The Yacht-Master is already one of the most luxurious and striking Rolex watch collections out there. On virtually every model, the bezel is hard to ignore – regardless of whether you’re looking at a Rolex Yacht-Master or Yacht-Master II with a bright blue bezel, a sand-blasted platinum bezel, or the matte-black ceramic bezel against Everose gold.
However today, we’re talking about the dial of the Rolex Yacht-Master, which unlike the Yacht-Master II, is much more traditional – featuring the hour markers, hands and date aperture found on a number of other models, rather than a highly specific nautical complication. Although it has its own unique features, you could actually compare it to the dial of the Submariner.
Over the years, there have been different dials and textures for the Rolex Yacht-Master, from black and blue to white, silver, slate and even a luxurious sandblasted platinum dial. However, that’s not that most unusual of them all. In fact, the dial we’re going to look at today is unlike any of the other Rolex dials you’ve probably seen. Curious yet? Let’s take a closer look.
Not Your Average Rolex Yacht-Master Dial
We’ve seen plenty of black dials with white hour markers over the years at Rolex. Hell, we see it just about everywhere in the watch world. But in 1992, we were first introduced to this ‘inverted’ dial on the Rolex Yacht-Master 16628 (and later also on the 16623) – a white face with these beautiful, black hour-marker plots. Of course, they are also outlined in yellow gold, making the glossy black pop and shine against the slick white dial even more.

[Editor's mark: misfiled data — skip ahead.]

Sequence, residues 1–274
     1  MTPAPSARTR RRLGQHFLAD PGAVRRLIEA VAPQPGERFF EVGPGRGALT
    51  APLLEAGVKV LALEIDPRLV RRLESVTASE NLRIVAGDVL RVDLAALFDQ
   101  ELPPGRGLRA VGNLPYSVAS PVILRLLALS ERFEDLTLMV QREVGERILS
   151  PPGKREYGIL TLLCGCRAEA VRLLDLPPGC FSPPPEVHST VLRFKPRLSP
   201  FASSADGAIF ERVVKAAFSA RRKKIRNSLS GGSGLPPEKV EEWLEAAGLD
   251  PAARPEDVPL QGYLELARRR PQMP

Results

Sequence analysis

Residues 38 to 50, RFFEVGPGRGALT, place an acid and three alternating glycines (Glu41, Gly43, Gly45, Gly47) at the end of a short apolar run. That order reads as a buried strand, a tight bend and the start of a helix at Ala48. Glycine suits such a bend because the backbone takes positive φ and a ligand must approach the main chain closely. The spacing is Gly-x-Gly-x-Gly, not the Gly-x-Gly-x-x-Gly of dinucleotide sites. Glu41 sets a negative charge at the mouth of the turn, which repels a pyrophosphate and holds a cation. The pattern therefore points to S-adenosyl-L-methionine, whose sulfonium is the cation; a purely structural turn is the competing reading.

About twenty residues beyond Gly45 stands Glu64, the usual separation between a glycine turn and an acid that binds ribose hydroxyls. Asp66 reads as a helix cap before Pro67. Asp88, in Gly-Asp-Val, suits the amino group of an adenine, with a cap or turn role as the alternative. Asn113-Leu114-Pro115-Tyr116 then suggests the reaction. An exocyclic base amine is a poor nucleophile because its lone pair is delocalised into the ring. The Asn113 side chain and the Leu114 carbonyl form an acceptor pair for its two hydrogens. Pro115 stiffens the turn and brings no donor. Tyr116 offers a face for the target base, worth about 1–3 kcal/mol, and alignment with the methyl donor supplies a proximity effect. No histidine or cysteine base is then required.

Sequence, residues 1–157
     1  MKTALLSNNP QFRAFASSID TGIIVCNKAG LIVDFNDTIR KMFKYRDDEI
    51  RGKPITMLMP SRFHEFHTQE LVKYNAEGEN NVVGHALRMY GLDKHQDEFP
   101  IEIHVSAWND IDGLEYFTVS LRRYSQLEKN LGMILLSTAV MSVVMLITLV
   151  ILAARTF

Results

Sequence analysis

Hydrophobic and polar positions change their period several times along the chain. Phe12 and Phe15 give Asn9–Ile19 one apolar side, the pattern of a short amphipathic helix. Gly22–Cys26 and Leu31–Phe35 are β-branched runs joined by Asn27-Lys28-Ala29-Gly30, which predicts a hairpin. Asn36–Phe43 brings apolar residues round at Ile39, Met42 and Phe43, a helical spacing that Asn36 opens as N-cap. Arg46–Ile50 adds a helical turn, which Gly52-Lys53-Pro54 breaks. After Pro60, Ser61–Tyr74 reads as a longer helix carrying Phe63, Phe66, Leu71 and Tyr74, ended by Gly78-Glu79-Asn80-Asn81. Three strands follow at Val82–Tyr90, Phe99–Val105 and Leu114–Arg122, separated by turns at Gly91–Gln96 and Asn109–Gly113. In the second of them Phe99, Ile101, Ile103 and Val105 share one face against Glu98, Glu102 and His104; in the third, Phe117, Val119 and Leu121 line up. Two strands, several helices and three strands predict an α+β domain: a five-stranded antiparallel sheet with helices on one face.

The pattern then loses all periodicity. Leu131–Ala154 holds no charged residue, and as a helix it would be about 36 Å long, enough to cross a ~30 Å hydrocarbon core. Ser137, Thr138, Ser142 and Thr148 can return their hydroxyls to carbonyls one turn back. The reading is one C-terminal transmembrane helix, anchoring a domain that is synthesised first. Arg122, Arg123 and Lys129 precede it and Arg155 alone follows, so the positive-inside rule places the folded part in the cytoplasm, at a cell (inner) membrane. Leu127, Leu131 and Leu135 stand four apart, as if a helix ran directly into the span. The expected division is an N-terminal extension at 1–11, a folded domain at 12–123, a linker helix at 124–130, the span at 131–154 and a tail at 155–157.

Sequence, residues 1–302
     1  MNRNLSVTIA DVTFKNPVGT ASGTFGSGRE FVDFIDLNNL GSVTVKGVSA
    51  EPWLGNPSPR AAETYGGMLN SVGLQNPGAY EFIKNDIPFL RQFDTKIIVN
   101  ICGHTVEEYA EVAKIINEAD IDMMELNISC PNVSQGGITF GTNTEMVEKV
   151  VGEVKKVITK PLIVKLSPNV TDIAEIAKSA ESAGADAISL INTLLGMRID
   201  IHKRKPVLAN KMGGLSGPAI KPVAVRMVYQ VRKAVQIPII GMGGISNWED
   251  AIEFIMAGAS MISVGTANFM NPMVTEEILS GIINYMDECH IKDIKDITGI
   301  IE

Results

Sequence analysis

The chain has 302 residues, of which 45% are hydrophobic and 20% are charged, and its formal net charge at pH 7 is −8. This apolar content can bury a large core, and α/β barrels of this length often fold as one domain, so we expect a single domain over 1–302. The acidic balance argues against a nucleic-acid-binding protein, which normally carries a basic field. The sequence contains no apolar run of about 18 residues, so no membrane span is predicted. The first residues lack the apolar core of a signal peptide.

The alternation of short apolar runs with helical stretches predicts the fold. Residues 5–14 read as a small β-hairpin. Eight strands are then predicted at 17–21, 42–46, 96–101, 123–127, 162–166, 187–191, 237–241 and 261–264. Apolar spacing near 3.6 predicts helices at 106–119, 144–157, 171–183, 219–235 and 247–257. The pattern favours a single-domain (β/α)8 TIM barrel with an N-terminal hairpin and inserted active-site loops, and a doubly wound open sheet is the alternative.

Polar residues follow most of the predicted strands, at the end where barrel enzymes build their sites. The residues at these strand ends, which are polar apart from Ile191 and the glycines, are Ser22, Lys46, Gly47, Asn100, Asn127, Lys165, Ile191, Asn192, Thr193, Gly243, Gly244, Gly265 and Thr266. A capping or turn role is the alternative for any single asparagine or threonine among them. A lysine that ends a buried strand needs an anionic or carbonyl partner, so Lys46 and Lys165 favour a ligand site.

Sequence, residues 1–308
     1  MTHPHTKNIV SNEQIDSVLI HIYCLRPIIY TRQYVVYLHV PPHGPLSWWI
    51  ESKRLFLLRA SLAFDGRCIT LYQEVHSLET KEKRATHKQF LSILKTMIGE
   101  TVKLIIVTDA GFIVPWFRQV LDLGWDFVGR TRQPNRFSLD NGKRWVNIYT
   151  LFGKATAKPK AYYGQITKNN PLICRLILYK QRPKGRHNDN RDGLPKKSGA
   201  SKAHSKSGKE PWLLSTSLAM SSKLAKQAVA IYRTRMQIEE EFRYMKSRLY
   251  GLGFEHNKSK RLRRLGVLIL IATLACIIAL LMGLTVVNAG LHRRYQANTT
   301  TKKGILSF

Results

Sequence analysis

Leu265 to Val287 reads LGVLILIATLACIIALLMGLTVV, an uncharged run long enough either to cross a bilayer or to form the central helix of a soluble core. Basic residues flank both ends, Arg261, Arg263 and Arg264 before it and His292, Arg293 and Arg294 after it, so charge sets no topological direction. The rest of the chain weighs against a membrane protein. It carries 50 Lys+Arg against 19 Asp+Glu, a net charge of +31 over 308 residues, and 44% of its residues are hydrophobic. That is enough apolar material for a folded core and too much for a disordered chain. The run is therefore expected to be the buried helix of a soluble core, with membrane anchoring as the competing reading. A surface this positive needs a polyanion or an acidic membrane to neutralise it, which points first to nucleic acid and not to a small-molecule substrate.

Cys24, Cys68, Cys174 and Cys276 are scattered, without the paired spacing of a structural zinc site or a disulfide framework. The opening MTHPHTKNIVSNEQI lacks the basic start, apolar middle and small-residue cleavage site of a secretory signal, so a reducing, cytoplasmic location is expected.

The black-filled plots were truly unique; however they were about more than just aesthetics. The Yacht-Master, while always a luxury-oriented timepiece, still boasts many of the credentials of a highly-capable sports watch. Although the black hour markers themselves do not glow – a feature that you would almost certainly want on a dive watch – they do provide an incredibly strong contrast against the white backdrop of the dial when viewed in the vast majority of lighting conditions.
Rumor has it that the initial design for the Rolex Yacht-Master was originally intended to be an update to the Submariner. However, Rolex decided not to tamper with success, and created the Yacht-Master as a luxury-oriented collection, leaving the Submariner free to stick more closely to its tool-watch origins. Much of the Submariner’s general design language can be seen in the Yacht-Master; but everything about it from its dial and bezel to the materials of its construction lean more towards style and luxury than strictly utilitarian aesthetics.
But the real question you’re probably contemplating is whether or not the wearer can read the time in the dark with this particular Yacht-Master dial. No, Rolex didn’t favor fashion over function in this model, and instead came up with a rather unusual solution to still provide the watch with a luminous display.
Instead of having the actual black hour markers themselves glow, Rolex placed small, inward-pointing luminous triangles on the inside of the black-filled hour markers to work alongside the lume-coated hands. The luminous triangles are bright and visible in the dark; however since they appear white in the light, you can barely spot them against the white dial during the day, unless you know exactly where to look.
Is this design slightly less functional than the standard method of fulling the hour markers themselves with lume – like what Rolex does on the rest of its Professional series watches? Almost certainly, but so is wearing a solid-gold sports watch in the first place. The Yacht-Master collection is about embracing the luxury side of the Rolex brand. Just like the Yacht-Master collection itself, this unique dial sacrifices a tiny amount of functionality, but gains one of the most unique and striking aesthetics that the collection has ever offered.